It seems familiar, does it not? A spate of media-inflated murders—which is not to deny their horror, but let us not believe that these are grotesque and isolated incidents—and the cry for increased gun control, increased anti-hate surveillance goes up yet again. The public sorrow is intensified briefly, especially since a small child is now dead and 13 more children will die each day under similar circumstances. Yet there is no real outrage. The young man who owned the gun will be roundly vilified and not entirely without warrant, for he does bear some responsibility. But then, so do I and so do all of us who blithely live our lives in an attempt to convince ourselves that such people as this and Ronald Taylor are somehow distinct and isolated rogues rather than symptoms of the insidious diseases of brutality, inhumanity and greed that rip our society into pieces daily.
It is not illogical, therefore, to juxtapose these events with the execution of yet another Texan as well as the acquittal of the officers in the murder of Amadou Diallo. The state and those who finance the state have granted themselves the power to determine what sorts of people are deserving of life. Mitigating circumstances such as long term abuse or mental incapacity while they certainly add to the atrocious nature of these executions are not really the issue. Nor can one deny that many of the people on death row did indeed commit heinous crimes. It is, moreover, the utter cheapness in which the lives of both killer and victim are held, the idea that a life can in any way be "paid for" and the pervasive atmosphere of retribution and solution by violent means that is so terrifying. And such terror coupled with the hopelessness and struggle for meager survival we all labor under can only breed more desperation and violence.
Before we can answer the question "how can this be stopped", we must first be willing to examine "why is this happening" and then we must force ourselves to look at this system which denies even the most basic dignity and means to so many and threatens the rest with all forms of material and personal extinction if we do not fall properly in line. We live as dispensable objects, isolated and without voice. As such, it is perhaps safer to retreat, but it is also impossible. This must become a time of protest, of outrage. Only then do I see any hope.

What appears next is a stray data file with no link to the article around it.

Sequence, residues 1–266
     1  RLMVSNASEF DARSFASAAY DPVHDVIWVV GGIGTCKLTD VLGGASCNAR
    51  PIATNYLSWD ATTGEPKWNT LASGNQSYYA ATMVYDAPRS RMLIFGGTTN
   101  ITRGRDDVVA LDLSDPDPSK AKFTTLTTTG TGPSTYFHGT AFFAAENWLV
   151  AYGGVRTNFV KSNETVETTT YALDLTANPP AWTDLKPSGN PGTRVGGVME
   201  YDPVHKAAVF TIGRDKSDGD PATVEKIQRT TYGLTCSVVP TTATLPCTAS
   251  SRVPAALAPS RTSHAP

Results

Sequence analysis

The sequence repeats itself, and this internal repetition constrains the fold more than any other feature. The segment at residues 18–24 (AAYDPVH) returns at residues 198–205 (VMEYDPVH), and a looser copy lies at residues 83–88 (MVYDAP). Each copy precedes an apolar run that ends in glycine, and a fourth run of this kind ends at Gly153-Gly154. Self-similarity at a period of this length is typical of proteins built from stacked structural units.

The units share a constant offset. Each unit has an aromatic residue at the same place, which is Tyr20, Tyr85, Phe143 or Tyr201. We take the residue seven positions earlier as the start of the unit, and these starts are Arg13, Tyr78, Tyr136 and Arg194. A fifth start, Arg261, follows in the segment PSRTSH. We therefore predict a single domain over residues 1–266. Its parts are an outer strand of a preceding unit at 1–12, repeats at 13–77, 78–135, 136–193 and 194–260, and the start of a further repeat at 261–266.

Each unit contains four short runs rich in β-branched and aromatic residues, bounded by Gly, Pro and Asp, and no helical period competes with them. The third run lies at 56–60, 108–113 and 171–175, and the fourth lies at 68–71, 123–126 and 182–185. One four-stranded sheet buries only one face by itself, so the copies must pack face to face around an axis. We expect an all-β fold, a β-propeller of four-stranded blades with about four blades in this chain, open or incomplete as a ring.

2 March 2000
First, let me thank you for providing a very interesting site. I can find a thorough, non-dogmatic alternative for "hard news" that is often missing on leftist sites. Also, your inclusion of cultural criticism is very much appreciated. I especially admire your insistence that Marx et al. were not anti-culture nor were they proponents of one-dimensional realism. Marx's love of Baudelaire (in spite of B's espoused apoliticism) is testament to the idea that only in rich and nuanced works can the best "social art" be found.
But to the point. I want to let you know about some of the local reaction to the shooting at the elementary school in Flint. I live in Ann Arbor, Michigan and found myself listening to Detroit talk radio yesterday afternoon [2 March]. The topic of debate was whether this shooting was “shocking” and what should be done with (more often, to) the young shooter. To my utter disgust, the majority of callers were convinced that the death penalty was the only wise and compassionate option. Many lamented that society has come to this point, but despite their hesitation and reservation, they felt it was the last alternative, mandated by the utter depravation of the crime.
The whole show took on a middle ages tone (I hate to be so rude to the middle ages) in their insistence that this child was born naturally and irredeemably evil. While one of the DJs feebly attempted to play devil's advocate, all he could muster was that the death penalty seemed "too cold." He readily admitted that he felt criminals were by and large a rotten lot who, driven by inherent evil, suck the blood out of the moral(istic) majority. Many callers (and one of the DJs) held fast to the premise that "we've heard too much whining and excuses blaming society for our actions; this time the boy has to take responsibility for his own actions." It seems in our "hyper prosperous" USA of the early 2000s, "pull yourself up by the bootstraps" ideology is advocated now even for six-year-olds.
2 March 2000